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Issue 465, 23 April 2001

In the news

Dr Richard Howells of the Institute of Communications Studies was a studio guest on BBC Radio 4ís The Message. The discussion focused on researchers attempts to divide the digital TV audience into six distinct tribes. According to Dr Howells this is a "huge over-simplification". After giving up television for Lent, Dr Richard Howells was back on Radio 4 to discuss how he coped without the medium closest to his heart. Dr Howellís experiences were reported in a diary on the BBC website. After the first week he appeared to struggling, when he wrote: "I feel like a man who hasnít gone outside while everyone else is talking about the weather. Iím not sure what Iím missing, but Iíll bet itís brilliant." However Dr Howells said that throughout the fast he hadnít cheated!

The Yorkshire Evening Post reported the opening of the new £500,000 disability centre, as featured in Reporter 464. Head of Disability Services Judith Russell said, "We now have twice the national average of disabled students studying here. Our new centre will enable us to extend the scope and quality of these services significantly."

Leeds Neurosurgeon Nick Philips at the LGI received local press interest for a new £1m website which uses virtual reality to help doctors train on the Internet. The site, created by Dr Philips using an EC grant, could revolutionise the training of neurosurgeons by providing on-line demonstrations of virtual operations.

Plans to increase the number of student doctors in West Yorkshire from Asian backgrounds was covered in the Yorkshire Evening Post. A new £1m scheme will create a course in which medical students start on clinical sciences studies at Bradford University and transfer to medical school after a year (see page 3).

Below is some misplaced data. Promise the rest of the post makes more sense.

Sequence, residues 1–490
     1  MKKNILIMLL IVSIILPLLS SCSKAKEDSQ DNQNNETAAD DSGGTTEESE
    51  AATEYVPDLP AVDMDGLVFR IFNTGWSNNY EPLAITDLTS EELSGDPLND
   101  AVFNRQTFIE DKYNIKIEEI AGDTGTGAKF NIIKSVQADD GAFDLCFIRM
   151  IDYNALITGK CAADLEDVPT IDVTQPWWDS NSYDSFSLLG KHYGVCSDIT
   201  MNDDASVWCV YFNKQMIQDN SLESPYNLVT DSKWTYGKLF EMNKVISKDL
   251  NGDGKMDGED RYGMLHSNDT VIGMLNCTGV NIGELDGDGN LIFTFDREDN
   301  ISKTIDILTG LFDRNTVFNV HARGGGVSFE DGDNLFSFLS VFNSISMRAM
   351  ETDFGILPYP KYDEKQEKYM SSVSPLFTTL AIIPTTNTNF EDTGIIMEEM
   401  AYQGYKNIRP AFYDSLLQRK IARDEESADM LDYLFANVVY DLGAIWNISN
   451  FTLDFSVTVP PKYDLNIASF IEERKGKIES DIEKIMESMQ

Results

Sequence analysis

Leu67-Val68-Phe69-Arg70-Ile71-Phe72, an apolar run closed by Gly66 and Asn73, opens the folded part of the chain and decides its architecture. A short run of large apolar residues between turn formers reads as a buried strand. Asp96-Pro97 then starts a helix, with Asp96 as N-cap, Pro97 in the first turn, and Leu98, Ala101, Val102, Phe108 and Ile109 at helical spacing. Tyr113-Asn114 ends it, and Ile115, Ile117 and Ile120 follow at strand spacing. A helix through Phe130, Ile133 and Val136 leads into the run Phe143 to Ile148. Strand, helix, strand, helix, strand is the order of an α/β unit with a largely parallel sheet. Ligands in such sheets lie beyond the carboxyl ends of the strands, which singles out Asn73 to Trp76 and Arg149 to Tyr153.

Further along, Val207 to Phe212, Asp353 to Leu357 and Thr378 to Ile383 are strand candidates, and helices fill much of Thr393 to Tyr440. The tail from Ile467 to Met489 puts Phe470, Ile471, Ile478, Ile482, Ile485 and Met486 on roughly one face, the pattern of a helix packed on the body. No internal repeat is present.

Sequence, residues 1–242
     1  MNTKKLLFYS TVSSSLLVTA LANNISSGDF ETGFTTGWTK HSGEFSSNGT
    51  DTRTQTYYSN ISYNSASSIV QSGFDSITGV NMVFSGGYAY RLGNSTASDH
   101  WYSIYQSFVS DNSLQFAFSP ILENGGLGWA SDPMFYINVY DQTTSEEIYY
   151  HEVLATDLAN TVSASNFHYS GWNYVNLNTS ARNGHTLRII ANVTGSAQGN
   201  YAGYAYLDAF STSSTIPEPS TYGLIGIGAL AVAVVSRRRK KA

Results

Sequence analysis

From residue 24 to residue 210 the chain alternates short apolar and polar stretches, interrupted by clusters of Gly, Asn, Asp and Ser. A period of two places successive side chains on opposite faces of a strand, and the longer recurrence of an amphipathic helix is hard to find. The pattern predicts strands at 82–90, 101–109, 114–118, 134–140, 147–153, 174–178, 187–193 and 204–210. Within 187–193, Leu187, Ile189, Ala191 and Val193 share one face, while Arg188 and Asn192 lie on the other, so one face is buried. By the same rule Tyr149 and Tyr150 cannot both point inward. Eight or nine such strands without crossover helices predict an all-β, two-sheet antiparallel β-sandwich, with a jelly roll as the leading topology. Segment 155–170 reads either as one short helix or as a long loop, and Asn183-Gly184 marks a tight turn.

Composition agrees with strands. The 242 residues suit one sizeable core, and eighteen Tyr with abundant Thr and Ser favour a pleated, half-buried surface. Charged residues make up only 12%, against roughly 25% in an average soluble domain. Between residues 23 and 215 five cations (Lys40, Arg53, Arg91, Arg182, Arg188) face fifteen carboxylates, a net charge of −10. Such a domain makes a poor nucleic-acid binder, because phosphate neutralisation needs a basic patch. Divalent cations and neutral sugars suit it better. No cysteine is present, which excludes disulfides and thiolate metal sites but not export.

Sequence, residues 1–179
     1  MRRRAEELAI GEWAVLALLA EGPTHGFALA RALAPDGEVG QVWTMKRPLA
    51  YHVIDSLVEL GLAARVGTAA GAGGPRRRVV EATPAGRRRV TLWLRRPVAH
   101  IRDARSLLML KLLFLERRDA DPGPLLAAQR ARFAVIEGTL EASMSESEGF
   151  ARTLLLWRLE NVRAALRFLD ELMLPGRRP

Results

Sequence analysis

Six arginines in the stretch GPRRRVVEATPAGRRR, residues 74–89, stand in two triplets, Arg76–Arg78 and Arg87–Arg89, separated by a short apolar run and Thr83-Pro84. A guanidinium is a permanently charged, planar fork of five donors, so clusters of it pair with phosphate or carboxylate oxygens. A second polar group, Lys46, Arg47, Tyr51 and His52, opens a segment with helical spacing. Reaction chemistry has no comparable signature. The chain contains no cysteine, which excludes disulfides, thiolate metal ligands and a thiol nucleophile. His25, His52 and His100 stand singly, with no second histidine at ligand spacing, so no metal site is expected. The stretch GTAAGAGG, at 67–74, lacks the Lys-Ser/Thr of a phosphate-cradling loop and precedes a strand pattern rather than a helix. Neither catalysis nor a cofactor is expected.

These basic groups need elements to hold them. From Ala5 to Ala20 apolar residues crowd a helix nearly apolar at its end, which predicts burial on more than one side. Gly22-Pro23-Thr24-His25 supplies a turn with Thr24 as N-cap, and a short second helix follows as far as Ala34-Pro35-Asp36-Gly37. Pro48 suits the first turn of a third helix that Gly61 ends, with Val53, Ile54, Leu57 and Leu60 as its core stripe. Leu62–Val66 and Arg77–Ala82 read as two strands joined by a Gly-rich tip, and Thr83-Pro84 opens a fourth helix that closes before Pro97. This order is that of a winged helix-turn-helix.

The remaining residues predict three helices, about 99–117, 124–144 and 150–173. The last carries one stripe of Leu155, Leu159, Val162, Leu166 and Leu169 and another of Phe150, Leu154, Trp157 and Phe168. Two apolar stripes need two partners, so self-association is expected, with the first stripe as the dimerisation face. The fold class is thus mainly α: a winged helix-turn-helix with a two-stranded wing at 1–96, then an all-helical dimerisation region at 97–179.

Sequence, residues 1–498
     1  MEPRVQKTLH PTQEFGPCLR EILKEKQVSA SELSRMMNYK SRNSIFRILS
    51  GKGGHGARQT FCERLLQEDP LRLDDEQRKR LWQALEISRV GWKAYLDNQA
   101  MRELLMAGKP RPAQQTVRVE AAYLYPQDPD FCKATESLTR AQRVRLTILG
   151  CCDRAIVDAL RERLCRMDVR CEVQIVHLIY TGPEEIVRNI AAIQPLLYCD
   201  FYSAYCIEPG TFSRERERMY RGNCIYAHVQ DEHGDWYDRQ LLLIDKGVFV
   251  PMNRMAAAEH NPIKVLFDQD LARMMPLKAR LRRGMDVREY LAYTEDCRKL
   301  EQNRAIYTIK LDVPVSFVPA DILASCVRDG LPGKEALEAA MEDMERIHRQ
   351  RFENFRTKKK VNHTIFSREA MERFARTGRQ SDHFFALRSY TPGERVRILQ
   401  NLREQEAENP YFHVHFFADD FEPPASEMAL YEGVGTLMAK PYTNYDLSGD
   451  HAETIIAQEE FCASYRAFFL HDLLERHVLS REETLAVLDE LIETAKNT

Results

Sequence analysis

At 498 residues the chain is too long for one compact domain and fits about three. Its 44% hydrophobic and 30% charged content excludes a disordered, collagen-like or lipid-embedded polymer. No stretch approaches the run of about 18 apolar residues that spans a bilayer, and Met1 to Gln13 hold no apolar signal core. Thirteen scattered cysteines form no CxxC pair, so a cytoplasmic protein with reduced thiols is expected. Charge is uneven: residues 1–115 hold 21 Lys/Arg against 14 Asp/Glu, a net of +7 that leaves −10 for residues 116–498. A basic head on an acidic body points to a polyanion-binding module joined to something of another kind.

Jacqui Brown from the Postgraduate Admissions Department appeared in the Mail on Sunday highlighting the advantages of postgraduate study. As the workplace gets more competitive and more students than ever gain degrees, the use of postgraduate courses to advance studies is growing. According to Jacqui, "Postgraduate study places great importance on the development of transferable skills such as communication, analysis, problem solving and teamwork. They also give students excellent networking opportunities."

Dr David Gauntlett has been causing a storm down under after a national newspaper, The Australian featured information about his website The award-winning site turns intellectual figures, such as Germaine Greer, into action figures and trading cards. According to Dr Gauntlett, "Making action figures of serious social theorists is probably the silliest thing you can do with them. But at the same time it raises their profile to an audience who enjoy silly websites more than they enjoy books with titles such as Modernity and Self-Identity.

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